The warrior drew his sword. He had no target in sight, but the gleam of steel in his hand helped him calm himself. In his other hand, his new shield, shining with the three snowflakes of his order, crossed by a saber – this also made him feel safeguarded. And it was precisely as his heart began to calm down that he heard what seemed to him to be a dry, guttural laugh – behind him!

When he turned, it was already too late to dodge, and the impact on his shield caught his arm against his chest, as he was thrown to the ground.

Over him stood a huge wolf, larger than an ox, with one of its legs pinning his shield arm, and the other pinning his sword arm. Its muzzle hovered directly above Eregar’s face, and the squire could smell the fresh blood in the monster’s breath.

Goddess, he thought, forgive my weakness. So ends my path.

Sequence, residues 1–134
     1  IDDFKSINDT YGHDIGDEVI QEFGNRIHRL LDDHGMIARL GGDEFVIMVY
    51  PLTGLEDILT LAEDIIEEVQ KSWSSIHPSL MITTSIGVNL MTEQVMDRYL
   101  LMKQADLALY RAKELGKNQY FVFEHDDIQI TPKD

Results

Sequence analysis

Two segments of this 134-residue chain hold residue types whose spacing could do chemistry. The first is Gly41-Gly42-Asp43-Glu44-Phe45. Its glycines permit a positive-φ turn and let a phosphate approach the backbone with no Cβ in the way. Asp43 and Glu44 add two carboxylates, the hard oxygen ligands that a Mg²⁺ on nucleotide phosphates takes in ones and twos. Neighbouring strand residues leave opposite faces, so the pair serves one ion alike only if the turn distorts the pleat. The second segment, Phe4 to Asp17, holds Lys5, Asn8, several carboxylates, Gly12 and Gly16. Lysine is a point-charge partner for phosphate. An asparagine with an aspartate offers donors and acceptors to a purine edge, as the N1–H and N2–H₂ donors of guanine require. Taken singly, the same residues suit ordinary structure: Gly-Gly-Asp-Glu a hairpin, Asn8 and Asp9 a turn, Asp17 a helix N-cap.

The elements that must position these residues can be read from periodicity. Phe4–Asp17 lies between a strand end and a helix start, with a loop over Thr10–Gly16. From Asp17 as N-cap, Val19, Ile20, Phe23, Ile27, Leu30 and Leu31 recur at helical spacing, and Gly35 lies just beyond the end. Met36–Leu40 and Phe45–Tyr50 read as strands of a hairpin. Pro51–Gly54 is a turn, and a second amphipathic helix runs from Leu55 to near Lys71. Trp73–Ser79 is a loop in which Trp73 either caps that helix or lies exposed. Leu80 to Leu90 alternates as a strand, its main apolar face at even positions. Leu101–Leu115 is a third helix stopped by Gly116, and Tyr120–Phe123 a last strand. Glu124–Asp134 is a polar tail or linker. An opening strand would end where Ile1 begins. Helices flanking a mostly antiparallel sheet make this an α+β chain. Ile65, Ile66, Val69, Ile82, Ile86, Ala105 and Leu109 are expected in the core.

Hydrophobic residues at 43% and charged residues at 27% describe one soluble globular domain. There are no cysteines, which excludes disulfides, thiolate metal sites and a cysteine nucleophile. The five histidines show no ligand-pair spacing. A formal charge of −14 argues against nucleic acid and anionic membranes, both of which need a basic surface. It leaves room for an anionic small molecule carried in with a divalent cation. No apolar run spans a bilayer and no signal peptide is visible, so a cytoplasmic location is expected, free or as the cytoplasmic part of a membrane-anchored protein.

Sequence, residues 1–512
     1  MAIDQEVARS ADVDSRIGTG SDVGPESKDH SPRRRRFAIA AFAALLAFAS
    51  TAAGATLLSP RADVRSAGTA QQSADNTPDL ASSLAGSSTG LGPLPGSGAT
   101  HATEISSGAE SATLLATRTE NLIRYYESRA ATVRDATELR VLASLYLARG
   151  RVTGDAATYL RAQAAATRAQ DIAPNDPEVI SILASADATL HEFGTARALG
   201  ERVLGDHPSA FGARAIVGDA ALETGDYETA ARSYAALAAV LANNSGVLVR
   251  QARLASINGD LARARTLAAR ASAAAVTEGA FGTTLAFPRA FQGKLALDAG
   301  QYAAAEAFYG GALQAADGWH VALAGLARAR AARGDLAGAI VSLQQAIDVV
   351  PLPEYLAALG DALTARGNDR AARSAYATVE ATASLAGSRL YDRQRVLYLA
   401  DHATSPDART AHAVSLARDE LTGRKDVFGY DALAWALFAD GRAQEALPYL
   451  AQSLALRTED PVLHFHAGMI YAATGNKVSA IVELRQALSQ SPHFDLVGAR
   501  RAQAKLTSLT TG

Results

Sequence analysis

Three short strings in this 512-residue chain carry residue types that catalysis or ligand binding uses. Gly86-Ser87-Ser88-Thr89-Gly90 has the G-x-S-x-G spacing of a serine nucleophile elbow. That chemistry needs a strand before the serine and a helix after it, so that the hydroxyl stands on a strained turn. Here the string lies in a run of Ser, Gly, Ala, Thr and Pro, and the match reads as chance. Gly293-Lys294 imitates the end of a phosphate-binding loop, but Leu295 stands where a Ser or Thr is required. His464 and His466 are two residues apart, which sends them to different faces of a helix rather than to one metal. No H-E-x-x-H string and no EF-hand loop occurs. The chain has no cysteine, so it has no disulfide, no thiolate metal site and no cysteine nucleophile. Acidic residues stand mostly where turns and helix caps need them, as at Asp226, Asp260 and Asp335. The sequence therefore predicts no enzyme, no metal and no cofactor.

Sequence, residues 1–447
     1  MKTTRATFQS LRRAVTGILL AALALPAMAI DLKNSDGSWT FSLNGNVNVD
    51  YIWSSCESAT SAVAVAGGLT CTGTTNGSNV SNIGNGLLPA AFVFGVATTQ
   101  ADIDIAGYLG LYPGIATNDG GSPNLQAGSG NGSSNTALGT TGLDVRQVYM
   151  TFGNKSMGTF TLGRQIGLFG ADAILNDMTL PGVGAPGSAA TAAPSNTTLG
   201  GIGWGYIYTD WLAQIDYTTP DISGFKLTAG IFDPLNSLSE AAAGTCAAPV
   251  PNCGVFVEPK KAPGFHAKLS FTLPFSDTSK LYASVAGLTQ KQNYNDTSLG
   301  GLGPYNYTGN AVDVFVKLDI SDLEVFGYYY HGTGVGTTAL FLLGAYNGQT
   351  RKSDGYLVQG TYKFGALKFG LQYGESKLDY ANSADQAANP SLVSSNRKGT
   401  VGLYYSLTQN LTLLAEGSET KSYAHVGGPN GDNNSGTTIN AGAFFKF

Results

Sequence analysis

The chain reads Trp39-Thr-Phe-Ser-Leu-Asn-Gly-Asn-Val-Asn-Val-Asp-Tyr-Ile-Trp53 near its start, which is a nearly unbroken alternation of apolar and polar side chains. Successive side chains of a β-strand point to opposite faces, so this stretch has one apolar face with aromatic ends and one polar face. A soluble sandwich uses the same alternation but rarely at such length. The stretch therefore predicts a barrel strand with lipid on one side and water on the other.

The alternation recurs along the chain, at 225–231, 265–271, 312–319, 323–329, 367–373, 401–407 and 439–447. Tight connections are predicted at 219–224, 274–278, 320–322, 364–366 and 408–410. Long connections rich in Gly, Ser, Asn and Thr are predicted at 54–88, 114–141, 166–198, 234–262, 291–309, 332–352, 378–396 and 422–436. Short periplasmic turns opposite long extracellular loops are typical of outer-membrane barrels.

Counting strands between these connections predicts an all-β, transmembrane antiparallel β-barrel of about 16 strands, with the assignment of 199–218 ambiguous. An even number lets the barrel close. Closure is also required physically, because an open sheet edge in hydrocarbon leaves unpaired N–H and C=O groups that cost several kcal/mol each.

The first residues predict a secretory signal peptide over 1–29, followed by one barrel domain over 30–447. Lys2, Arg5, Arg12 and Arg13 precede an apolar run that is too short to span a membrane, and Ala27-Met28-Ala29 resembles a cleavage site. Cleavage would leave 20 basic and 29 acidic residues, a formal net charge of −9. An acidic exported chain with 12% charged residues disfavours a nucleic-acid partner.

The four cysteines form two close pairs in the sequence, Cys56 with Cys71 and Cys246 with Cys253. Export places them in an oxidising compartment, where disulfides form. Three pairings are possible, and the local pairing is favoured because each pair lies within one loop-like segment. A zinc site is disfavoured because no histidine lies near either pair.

Enjoyed this tale? Consider buying “A Silvery Moon,” my novel set in the same universe.

The Seeing Cat

The bazaar was a whirlwind of smells and sounds, but Jamaal was used to it. Years of living with humans had drilled in him the ability to focus his keen senses and block what was not important. The sweet smell of ripe peaches. The slight squeezing sound of the knife that cuts a slice of wet watermelon. The screeches of caged monkeys, and the alcoholic smell of fermented strawberry liquor. All this and more was a mere backdrop to what was capturing his attention, the smell he had been smelling for since the previous day, that singular, individual mark that every being had.

It would have been easier in the Holy Kingdom of Lohan, where the only cats were house cats. Here, among the cat-people, his people – the smells were much harder to parse, and the tiger-man found himself losing track of the trail several times.

The hunter closed his eyes, and inhaled. It was like drinking a mug of soup and trying to guess the ingredients for the fullness of the taste. A trace of this, a drop of that, a little pinch of something else. And finally … there!